But the peak body for car-makers, the Federal Chamber of Automotive Industries (FCAI), has again railed against the proposed parallel import legislation, which was not mentioned in this week’s federal budget.
The FCAI believes parallel importing will undermine the investments in, and employment at, dealerships by allowing private individuals to bring in “near- new” vehicles and by-pass official distribution channels.
VACC chief executive Geoff Gwilym said the federal tax cuts would build on the benefits that are likely to flow from the gradual rise in Victoria’s payroll tax threshold
“The Turnbull government’s 2016 budget announcement of tax rate cuts will be good for business and good for the economy,” Mr Gwilym said. “That means it is good for everyone.”
In his first budget, federal treasurer Scott Morrison mapped out a program of tax cuts that would achieve a corporate tax rate of 25 per cent for all sizes of company. The first step will be to reduce the tax rate for small and medium enterprises (SMEs) from 28.5 to 27.5 per cent from July 1, 2016.
That will be cut to 27 per cent in 2024 and then to 26 per cent and then 25 per cent in consecutive years.
“A lower company tax rate will encourage entrepreneurs to enter the business environment and enable existing companies to employ more workers over time. That’s a great win for all Australians.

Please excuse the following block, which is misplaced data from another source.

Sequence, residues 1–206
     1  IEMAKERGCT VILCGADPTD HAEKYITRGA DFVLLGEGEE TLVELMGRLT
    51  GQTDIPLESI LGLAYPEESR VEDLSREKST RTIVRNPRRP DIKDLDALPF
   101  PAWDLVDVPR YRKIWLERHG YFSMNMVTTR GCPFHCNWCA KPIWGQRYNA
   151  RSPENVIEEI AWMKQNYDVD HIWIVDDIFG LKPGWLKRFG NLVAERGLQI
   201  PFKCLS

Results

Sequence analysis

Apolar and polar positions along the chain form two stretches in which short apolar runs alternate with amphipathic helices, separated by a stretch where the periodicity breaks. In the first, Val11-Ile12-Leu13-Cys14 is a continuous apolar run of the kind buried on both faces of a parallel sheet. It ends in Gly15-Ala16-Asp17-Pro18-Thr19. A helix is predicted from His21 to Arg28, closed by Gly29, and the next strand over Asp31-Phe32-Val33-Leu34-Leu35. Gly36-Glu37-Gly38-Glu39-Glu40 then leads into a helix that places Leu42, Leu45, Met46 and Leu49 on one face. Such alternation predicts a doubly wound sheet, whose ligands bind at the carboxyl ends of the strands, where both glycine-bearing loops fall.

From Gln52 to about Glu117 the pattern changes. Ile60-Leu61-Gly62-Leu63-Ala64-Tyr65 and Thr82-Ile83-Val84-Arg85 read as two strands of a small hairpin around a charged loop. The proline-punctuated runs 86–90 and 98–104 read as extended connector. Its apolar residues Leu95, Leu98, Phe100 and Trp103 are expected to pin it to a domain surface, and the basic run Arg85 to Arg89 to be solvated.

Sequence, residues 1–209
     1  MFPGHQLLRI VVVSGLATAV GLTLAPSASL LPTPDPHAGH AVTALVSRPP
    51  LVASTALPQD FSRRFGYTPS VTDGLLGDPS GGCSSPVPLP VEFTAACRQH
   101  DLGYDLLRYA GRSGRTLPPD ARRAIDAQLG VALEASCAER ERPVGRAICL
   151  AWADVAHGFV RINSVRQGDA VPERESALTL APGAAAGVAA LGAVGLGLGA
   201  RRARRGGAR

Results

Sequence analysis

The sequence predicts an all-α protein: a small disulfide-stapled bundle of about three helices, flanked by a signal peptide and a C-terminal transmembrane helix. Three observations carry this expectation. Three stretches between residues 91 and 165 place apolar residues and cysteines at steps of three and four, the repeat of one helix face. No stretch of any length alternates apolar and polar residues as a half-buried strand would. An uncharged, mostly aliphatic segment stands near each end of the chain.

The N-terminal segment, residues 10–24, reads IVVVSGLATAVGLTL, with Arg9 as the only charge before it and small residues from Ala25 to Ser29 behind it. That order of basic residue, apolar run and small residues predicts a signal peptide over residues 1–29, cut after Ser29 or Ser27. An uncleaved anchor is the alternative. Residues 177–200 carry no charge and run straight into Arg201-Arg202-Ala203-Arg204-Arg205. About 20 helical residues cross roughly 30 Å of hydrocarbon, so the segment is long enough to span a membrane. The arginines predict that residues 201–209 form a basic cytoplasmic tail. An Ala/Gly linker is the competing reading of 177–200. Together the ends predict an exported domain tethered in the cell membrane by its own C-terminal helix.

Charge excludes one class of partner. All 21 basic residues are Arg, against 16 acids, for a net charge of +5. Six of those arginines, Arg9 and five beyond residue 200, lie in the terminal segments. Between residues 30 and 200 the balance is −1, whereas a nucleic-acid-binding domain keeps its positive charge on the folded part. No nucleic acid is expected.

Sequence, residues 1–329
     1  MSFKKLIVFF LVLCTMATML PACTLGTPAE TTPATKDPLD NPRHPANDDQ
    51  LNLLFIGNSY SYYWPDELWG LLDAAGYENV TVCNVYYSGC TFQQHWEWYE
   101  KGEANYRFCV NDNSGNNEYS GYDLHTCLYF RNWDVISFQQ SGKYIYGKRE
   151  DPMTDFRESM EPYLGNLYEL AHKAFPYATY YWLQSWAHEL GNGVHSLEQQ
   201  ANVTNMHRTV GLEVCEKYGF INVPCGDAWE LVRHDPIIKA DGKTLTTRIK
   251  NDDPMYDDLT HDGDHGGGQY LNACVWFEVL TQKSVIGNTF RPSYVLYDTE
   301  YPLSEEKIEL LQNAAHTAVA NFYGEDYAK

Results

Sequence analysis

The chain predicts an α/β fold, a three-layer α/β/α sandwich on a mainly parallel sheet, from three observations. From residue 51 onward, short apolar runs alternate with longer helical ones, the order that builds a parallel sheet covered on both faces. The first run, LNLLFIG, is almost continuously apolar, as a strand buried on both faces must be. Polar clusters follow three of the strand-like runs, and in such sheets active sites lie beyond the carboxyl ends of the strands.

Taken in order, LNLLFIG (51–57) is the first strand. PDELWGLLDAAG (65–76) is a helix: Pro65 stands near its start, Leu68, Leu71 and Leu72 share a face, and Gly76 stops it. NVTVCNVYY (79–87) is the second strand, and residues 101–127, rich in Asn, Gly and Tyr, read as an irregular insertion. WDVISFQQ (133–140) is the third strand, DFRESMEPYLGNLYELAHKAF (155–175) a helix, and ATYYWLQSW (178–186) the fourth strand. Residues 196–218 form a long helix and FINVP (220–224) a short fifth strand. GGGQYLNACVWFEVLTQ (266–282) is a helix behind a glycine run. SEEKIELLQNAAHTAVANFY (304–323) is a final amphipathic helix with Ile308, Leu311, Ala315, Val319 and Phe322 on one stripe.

“VACC sees the 2016 budget as being beneficial for small automotive businesses. Some of the measures announced by Treasurer Morrison reward business owners and incentivise them to employ more workers. This will have a positive flow-on all over the state.”
The FCAI had a bleaker view of the budget, with chief executive Tony Weber contrasting the strong April registration figures – a record 87,571 vehicles were sold last month – with the government’s failure to drop the proposed parallel import legislation.
He said the continued sales growth in the industry was indicative of the fierce price competitiveness in the Australian new-car market.
“(But) this vigorous tax- and employment-generating segment of the economy was facing significant uncertainty under the proposed government legislation,” he warned.
“By the government’s own modelling, at least 30,000 sales could be lost out of our market, consumer protection diminished, and jobs exported overseas when this new legislation is introduced,” Mr Weber said.
“The April record just posted provides further evidence that the industry is price-competitive, offering great value to buyers, delivering jobs and investment, and in no need of change.
“We are just a handful of months into 2016 and already the market is on target for another record. And yet the government wants to put this investment, these jobs, this tax revenue, at risk. It makes no sense.”
By Ian Porter